There's only one thing you can be absolutely sure when it comes to software development - something will break, eventually.
No matter how many years of experience you have under your belt, the framework you're using, your team structure etc. You will encounter bugs on production (provided you're not shipping basic todo apps as a service).
The good news is that programming is a bit like video games. The more you progress, the harder the problems you'll face will become and the reward (that is - happiness of your users) will be ever greater.
That's why testing is so crucial in shipping non-trivial software. At some point it's not even remotely possible to "click through" the app to see if everything is fine.
There are a couple of types of testing - most notably unit, integration and e2e (end-to-end) testing. For the purpose of this post I'd like to combine unit and integration tests under the name of "unit tests" (any QA engineers who are reading this, please forgive me). My personal distinction is:
- unit tests are the tests that developers care about
- e2e tests are the tests that users care about (more on that later, in part 2)
Writing unit tests is tricky because you can put a number on them. And chasing this magic number can lead you on a wrong path. This number is, of course, test coverage.
Do not try to achieve 100% test coverage
You are more than likely to end up with this:
Chasing test coverage is not the same as chasing quality.
My personal advice would be to aim to achieve roughly 70-80% unit test coverage as well as maintaining an extensive "dear coverage tool, pls ignore that file" list. You don't want to "pollute" your results with locale or config files which, oh no, were not covered with unit tests.
In general, as an owner of your codebase, you should at least be aware of the things you're not testing and why. We're not perfect, some pieces of our code will be difficult to cover with unit tests, things happen (that's where I'd recommend trying to test that part of the system with e2e tests).
One more thing - make sure that your tests CAN FAIL. Time and time again I've written tests (especially with async behaviour) that were always passing. Which is awesome, unless you consider they were also passing when I straight up removed the function I was trying to test. Lesson learned? Start with a failing test first, then ensure that it can pass and gives you value.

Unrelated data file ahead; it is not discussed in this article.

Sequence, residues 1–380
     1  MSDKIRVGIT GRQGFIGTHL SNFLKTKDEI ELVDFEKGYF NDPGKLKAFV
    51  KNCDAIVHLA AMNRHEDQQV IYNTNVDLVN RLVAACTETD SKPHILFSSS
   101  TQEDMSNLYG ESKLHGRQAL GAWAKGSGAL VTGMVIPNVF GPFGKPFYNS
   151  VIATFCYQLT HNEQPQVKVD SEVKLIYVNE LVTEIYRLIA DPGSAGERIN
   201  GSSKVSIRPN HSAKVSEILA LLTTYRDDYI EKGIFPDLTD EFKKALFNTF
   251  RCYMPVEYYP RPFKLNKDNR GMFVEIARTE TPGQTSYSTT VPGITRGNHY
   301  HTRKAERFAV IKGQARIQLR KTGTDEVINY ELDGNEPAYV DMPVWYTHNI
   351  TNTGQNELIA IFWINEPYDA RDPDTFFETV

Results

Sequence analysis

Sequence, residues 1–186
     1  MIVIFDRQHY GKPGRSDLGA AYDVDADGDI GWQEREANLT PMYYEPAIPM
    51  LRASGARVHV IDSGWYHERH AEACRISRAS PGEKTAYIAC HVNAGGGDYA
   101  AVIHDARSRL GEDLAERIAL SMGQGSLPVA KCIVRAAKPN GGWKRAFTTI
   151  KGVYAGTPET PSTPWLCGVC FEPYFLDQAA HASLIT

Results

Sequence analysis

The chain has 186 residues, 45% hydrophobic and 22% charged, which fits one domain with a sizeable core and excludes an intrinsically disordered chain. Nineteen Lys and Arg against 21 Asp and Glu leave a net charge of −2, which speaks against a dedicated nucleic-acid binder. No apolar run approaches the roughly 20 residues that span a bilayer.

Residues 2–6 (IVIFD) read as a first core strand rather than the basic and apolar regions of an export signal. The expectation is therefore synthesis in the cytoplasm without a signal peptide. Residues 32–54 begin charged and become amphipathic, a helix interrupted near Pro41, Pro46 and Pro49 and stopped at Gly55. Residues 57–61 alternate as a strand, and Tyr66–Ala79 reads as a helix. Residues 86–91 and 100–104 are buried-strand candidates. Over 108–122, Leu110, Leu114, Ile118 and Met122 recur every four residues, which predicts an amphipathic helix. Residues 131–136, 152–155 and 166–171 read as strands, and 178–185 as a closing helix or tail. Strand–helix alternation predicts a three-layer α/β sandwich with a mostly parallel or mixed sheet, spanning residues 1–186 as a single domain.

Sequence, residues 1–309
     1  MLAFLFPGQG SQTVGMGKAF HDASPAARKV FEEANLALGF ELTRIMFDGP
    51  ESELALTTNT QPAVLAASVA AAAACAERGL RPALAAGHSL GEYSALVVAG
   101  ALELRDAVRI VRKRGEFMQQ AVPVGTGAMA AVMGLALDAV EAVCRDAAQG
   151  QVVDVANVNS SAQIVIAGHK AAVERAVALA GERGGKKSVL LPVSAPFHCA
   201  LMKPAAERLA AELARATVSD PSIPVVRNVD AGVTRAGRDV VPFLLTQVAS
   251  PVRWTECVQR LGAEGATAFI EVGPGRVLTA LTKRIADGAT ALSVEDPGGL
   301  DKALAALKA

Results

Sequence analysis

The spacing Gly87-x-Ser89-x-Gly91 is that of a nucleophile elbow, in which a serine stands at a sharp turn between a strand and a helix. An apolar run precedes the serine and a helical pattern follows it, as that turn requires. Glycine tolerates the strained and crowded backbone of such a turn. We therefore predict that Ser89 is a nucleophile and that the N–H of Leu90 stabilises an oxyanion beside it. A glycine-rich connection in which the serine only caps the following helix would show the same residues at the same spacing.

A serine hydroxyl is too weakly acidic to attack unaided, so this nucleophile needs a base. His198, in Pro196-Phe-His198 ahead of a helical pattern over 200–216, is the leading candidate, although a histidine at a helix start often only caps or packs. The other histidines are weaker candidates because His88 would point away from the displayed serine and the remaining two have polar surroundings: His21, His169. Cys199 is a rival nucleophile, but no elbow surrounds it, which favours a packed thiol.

Let me ask you something: who cares whether you've named a piece of your state
Most likely you, maayyybe your team but apart from that? No one. Users don't care  and neither should your tests.
It might be tempting to write tests which go as follows: "when I click on this button, I'm expecting the state of the component to change to X and props passed in to child component should equal Y". That's how you end up with brittle tests.
Someone renames a prop or fixes a typo in a state field, and they break. You don't want that.
Luckily, there's an excellent tool that helps: React Testing Library. I've been personally using it for the last couple of months and while it takes a while to get used to (especially after using Enzyme for years, like I did), the benefits are massive.
It's really freaking difficult to write objectively bad tests with React Testing Library because it's been built with best practices in mind. For instance, I'm not entirely sure how to write a check whether the state of a component equals X with React Testing Library.
What I do test is the behaviour of the component.
- Are we displaying the right content to the user?
- Is it possible to find images using their
- Are we rendering correct error messages?
- Is the component react-ing (React, get it?) to clicks and other events properly? And by "properly" I mean - "is the behaviour of the component consistent with what users might expect?"
By default, React Testing Library will not shallowly render your component. Which means that if you render a
Menu component, it'll also fully render all
MenuItems component below.
That allows you to test the actual behaviour of your menu, instead of checking "alright, there are 5
<MenuItem/> components in my tree, I'm done here".
This approach is excellent because it allows you to do one more thing: to refactor your components as much as you want.
True story: when React Hooks were released we had difficulty adopting them in our codebase because (as of October 2019), hooks were not supported by the testing library we were using - Enzyme. Not to mention that our tests were a bit too implementation-focused.
When you switch to an approach of not testing the implementation, you can honestly do whatever you want within your component. Refactor it to hooks, to classes, to jQuery - as long as the behaviour (you know, the thing that users care about) doesn't change.
Even if the tests will fail as a result of a refactoring - it's a chance for you to take a second look. Maybe they are failing for a very good reason? Refactors are difficult, there's a decent chance you might break something. As always - it's better to have your tests tell you that than your users.
Tests are not only for the users - they are also for us, developers. For the sake of our own mental health, it feels good to have all tests passing after a major refactoring. Like I mentioned before, you won't be able to "click through" the whole app so that reassuring "all tests passed, ship it to prod, yolo" message really helps.
Well, actually there is a way to click on your buttons and stuff a bit, but I'll write a separate post about cypress.io
Was that helpful? Feel free to reach out to me on Twitter, my handle is @tlakomy